Diesel Supply Down to 25 Days But the Rockies Are in Good Shape
Missoula, MT (KGVO-AM News) - News reports that the national supply of diesel fuel is down to about 25 days has Americans deeply concerned about all the food, goods and services that are delivered by trucks fueled by diesel.
KGVO News spoke to Patrick DeHaan, analyst for Gas Buddy on Friday for details on this issue of national concern.
A Dire Forecast for Diesel this Winter
“It's been a challenging year for diesel and certainly much of that comes from Russia's war in Ukraine,” began DeHaan. “Russia produces a lot of heavy products, a lot of heavy oil that produce and yield more diesel. The other problem is simply demand post COVID that has certainly recovered significantly with many trucks and many goods. We can all remember how ports have been stuffed full with goods that Americans have been buying and those all need to move out of port via trucks.”
DeHaan highlighted the squeeze between diesel fuel production through the process of supply and demand.
“Diesel demand has been high at the same time because of COVID,” he said. “We've lost a decent portion, about 5 percent of refining capacity has gone away because of a lack of demand back in 2020. Consequently, there's been less diesel being produced, along with more demand and that has sapped U.S. inventories to a point where diesel days of inventory on hand are now down to their lowest level going into the winter, I think ever. That’s 25 days and so, and things are very tight and that's pushing up diesel prices across the country.”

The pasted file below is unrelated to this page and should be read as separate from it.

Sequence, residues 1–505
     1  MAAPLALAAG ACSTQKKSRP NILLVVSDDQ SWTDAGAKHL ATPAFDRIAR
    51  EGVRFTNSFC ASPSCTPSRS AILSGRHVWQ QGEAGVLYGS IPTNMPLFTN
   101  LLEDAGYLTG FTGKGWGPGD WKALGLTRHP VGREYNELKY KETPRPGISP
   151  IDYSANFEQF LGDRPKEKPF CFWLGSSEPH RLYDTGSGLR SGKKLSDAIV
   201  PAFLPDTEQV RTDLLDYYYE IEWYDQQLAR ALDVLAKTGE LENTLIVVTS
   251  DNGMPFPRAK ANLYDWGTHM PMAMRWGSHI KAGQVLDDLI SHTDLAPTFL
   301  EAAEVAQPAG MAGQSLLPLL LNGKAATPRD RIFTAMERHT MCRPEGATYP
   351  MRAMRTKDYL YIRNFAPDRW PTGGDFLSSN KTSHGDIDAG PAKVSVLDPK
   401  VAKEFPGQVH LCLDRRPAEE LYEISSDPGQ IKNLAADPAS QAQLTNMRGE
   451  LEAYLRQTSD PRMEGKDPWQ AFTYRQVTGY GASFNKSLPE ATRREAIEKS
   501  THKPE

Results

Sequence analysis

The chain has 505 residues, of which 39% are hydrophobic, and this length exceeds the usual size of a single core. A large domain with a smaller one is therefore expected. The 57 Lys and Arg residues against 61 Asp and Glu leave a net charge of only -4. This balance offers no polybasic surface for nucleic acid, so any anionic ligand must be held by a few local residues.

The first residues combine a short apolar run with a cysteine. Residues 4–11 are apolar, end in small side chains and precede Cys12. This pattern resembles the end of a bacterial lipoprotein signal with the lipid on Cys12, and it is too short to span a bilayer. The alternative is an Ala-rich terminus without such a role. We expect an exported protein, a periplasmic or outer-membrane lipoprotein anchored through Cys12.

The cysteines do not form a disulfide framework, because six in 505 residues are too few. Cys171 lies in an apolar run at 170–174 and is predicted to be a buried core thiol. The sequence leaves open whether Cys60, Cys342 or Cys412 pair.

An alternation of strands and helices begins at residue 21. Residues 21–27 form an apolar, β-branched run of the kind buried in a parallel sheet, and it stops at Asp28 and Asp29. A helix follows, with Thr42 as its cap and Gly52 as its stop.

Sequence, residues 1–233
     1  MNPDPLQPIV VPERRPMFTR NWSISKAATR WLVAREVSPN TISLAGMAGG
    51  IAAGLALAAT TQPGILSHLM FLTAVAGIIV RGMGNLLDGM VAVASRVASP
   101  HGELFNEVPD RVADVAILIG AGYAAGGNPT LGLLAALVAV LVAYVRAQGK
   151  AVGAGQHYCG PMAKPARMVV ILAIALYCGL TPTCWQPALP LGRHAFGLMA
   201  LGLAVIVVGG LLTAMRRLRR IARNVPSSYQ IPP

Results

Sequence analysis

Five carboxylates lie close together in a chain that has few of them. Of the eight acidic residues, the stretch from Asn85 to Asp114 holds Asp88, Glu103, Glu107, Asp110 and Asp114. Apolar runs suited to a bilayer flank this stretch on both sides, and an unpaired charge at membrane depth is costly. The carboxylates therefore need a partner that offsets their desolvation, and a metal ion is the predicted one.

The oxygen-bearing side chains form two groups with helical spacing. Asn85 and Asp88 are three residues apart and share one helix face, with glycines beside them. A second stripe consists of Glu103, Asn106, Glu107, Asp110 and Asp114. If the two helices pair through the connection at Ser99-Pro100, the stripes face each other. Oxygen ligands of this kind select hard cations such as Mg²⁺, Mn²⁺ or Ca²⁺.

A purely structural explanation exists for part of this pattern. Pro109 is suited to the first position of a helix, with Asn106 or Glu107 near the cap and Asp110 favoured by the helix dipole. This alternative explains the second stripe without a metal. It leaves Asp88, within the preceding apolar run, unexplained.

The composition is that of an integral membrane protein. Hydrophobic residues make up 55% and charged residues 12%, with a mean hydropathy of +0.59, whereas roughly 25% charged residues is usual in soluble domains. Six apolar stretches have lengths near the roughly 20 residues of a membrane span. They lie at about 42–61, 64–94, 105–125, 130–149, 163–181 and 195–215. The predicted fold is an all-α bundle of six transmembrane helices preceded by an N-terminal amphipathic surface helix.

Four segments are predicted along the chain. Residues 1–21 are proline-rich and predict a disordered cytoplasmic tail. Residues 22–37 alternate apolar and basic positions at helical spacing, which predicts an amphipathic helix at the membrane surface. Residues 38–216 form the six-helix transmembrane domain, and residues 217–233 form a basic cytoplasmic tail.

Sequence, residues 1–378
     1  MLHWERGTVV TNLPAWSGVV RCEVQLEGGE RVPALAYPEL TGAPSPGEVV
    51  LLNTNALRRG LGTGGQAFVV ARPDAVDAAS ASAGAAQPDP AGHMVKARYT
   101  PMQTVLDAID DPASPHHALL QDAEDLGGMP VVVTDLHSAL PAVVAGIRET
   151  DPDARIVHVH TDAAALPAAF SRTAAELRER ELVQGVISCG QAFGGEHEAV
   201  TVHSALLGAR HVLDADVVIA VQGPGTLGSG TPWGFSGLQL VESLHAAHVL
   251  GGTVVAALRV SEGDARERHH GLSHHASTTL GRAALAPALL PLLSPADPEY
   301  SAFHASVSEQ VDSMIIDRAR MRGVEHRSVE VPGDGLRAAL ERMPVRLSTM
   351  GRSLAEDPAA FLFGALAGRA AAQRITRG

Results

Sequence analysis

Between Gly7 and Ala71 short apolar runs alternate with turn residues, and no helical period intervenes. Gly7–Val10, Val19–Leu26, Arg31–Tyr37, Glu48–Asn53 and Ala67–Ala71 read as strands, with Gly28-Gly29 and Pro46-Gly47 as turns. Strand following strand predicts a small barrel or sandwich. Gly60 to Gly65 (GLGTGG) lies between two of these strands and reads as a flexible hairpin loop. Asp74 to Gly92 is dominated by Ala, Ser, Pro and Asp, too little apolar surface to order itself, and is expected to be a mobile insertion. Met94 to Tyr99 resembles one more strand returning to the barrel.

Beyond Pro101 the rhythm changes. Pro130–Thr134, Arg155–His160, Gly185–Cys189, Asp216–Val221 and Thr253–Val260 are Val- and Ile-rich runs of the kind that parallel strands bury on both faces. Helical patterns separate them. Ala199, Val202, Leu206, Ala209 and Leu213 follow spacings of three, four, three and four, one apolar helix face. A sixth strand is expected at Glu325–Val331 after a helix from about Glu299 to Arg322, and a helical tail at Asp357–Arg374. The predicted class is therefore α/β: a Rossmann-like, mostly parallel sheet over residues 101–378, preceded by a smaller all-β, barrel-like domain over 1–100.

DeHaan said we in the Rocky Mountain Region will Have More Supply
DeHaan had more encouraging news for those of us living in the Rocky Mountain region.
“I think things are okay in the Rockies, that is refiners in this area are doing a fine job refining and a lot of that product is basically landlocked into the Rockies,” he said. “Now, areas of the country that are going to have a challenge are the Northeast because the Northeast doesn't have enough refining capacity. Ironically, areas of the Northeast, comparing them to the Rockies region, have 10 times the population and about the same amount of refining capacity, and that is the problem because the Northeast is reliant on imports of diesel and distillate product. And now the northeastern United States is competing with Europe for those barrels.”
Get Ready for Everything Hauled by Diesel Trucks to Cost Much More
DeHaan said this winter will be extremely difficult for diesel supplies and thus the limited supply will demand a much higher price worldwide.
“For diesel this could be a problem that sticks with us and maybe worsens over the course of the winter,” he said. “We're not even into the winter yet and snow has not really started flying generally across the country, so colder weather is a concern because diesel is also used as home heating oil in areas of the Northeast. In rural America home heating oil is what they use and so that is going to see a lot of pressure. If anyone's out there that has home heating oil or propane, those prices to heat your home are going to be much higher, maybe three times higher, with natural gas higher as well, but it could be a long winter if there are some cold spells that could certainly challenge and push diesel prices up even more.”
Stocks of diesel and other distillate fuel oils were just 106 million barrels on Oct. 21, the lowest for the time of year since the U.S. Energy Information Administration started collecting weekly data in 1982.